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Science News Staff

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Science Ticker

LED lights make moths easy targets for bats

bat hunting a moth

NIGHT HUNT  New research finds that bright LED lighting leaves moths open to attacks from hunting bats.

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Energy-saving LED street lights are environmentally friendly, but they may not be moth-friendly. When lit by an LED's glow, the insects are less likely to perform dramatic dives to escape hungry bats, a new study shows.

Researchers at the University of Bristol in England played recordings of bat hunting calls to unsuspecting wild moths. In the dark, 60 percent of moths dove toward the ground to avoid the imaginary predator. But when LEDs lit up the night, only 24 percent of moths attempted this last-ditch evasive maneuver, the team reports August 5 in Royal Society Open Science.

Some moths employ different predator defense strategies during the day than at night, the researchers say. Bright LED lighting may leave moths unprepared for ambushes from nocturnal hunters.


Spicy food associated with longevity

By Nathan Seppa 6:30pm, August 4, 2015
Spicy food in the diet seems to contribute to longevity, a study of thousands of people in a Chinese registry finds.
Genetics,, Physiology,, Evolution

How Ethiopian highlanders adapted to breathe thin air

By Helen Thompson 1:26pm, August 4, 2015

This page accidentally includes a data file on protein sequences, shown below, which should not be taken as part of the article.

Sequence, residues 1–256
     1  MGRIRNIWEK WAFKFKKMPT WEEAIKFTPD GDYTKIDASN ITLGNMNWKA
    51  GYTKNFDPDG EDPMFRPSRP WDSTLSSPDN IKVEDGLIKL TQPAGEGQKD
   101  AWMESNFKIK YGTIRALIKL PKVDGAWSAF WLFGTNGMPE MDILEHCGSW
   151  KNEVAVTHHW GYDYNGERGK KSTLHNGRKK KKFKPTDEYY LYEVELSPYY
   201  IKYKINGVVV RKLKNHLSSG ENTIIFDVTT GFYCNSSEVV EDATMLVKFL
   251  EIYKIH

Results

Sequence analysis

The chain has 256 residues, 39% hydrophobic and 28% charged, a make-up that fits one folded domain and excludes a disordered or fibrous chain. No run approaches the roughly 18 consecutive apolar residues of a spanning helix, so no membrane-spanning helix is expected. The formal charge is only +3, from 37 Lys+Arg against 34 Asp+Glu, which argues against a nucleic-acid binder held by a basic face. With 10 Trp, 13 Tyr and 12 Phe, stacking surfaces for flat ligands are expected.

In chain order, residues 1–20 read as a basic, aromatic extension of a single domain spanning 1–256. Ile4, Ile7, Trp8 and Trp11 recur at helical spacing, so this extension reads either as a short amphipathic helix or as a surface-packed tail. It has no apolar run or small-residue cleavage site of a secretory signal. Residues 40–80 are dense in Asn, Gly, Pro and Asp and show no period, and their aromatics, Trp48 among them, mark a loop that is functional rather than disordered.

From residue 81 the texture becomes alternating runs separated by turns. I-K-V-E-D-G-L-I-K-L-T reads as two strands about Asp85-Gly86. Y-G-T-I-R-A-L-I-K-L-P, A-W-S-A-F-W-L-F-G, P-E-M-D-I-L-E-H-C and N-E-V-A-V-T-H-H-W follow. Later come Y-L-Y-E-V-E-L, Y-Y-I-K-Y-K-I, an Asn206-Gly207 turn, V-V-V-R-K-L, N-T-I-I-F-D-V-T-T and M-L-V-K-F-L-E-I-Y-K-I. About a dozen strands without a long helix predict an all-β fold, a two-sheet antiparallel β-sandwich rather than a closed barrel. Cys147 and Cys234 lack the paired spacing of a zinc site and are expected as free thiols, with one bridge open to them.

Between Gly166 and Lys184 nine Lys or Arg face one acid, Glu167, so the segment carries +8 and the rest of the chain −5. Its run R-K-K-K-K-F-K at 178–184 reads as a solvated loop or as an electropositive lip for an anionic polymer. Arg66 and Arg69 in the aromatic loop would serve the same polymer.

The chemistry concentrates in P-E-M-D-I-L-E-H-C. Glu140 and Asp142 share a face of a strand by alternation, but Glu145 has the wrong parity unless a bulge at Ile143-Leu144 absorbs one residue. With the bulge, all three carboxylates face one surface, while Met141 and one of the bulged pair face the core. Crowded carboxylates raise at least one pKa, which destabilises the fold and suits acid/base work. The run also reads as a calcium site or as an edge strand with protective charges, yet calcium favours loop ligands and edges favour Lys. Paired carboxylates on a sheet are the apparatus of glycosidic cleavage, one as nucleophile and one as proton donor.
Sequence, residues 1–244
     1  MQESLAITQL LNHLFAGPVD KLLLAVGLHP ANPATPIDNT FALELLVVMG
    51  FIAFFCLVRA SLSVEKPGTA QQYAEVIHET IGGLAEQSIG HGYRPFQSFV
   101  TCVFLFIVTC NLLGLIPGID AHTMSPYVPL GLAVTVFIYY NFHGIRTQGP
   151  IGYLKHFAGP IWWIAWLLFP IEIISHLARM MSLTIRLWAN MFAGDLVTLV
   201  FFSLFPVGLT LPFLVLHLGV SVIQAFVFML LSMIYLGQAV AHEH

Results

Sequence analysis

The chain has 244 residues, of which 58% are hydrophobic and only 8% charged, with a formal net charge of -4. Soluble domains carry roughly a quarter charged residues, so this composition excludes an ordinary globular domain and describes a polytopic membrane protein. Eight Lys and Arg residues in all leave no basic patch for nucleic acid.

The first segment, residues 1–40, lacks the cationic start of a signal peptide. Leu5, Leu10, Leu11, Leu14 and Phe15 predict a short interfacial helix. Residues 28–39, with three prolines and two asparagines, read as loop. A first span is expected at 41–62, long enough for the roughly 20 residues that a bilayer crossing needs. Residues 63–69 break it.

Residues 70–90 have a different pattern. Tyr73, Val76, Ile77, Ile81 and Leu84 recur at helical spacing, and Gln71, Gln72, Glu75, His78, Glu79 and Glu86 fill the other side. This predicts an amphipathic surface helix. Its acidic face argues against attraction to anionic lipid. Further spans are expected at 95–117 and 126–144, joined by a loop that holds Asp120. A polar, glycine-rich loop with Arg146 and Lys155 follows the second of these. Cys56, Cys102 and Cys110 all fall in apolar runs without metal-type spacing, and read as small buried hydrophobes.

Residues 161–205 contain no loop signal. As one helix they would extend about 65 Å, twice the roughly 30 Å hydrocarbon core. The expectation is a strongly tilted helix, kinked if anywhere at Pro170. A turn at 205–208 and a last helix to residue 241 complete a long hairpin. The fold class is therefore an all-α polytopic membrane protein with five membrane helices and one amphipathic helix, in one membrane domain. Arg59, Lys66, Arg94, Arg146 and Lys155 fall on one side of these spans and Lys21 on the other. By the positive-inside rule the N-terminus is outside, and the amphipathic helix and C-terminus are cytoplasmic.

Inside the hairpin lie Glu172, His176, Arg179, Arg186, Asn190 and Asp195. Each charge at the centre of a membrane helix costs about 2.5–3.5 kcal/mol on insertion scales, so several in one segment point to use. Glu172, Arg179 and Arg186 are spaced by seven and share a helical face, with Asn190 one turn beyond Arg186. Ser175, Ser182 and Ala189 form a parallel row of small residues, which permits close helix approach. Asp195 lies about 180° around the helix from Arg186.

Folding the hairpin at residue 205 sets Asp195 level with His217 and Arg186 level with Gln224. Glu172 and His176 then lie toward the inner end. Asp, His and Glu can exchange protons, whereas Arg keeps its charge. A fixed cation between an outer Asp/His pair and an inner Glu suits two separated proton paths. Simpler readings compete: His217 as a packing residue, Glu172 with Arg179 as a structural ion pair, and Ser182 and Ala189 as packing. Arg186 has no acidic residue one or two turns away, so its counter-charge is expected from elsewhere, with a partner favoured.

Lower levels of a heart protein may help Ethiopian highlanders breathe thin air, researchers report.

Kidney transplants may benefit from a slightly chilled donor

By Sarah Schwartz 11:35am, July 31, 2015
Transplanted kidneys performed better when taken from organ donors whose bodies were intentionally cooled after death.
Immune Science

Experimental MERS vaccine battles virus in mice and monkeys

By Sarah Schwartz 6:30am, July 30, 2015
Select viral proteins and DNA can combat the MERS virus in mice and monkeys.
Animals,, Physiology

Stink bug moms are color conscious when it comes to their eggs

By Sarah Schwartz 5:36pm, July 24, 2015
P. maculiventris moms control the color of their eggs, seemingly pairing darker eggs with darker surfaces.

Stretchy fiber keeps electrons flowing

By Andrew Grant 5:04pm, July 23, 2015
Folded layers of carbon nanotubes allow an elastic fiber to conduct electrical current when stretched.

Boas kill by cutting off blood flow, not airflow

By Ashley Yeager 6:00pm, July 22, 2015
Boas actually kill by constricting blood flow of their prey, not suffocating them, as scientists previously suspected.
Oceans,, Climate

Blooming phytoplankton seed clouds in the Southern Ocean

By Beth Mole 2:00pm, July 17, 2015
Booming phytoplankton populations spark cloud formation in the Southern Ocean.
Health,, Microbes,, Microbiology

Mosquitoes can get a double dose of malaria

By Tina Hesman Saey 11:44am, July 17, 2015
Carrying malaria may make mosquitoes more susceptible to infection with a second strain of the parasite that causes the disease.
Neuroscience,, Human Development

Bundles of cells hint at biological differences of autistic brains

By Sarah Schwartz 9:20am, July 17, 2015
Using miniature organoids that mimic the human brain, scientists have identified developmental differences between autistic children and their non-autistic family members.
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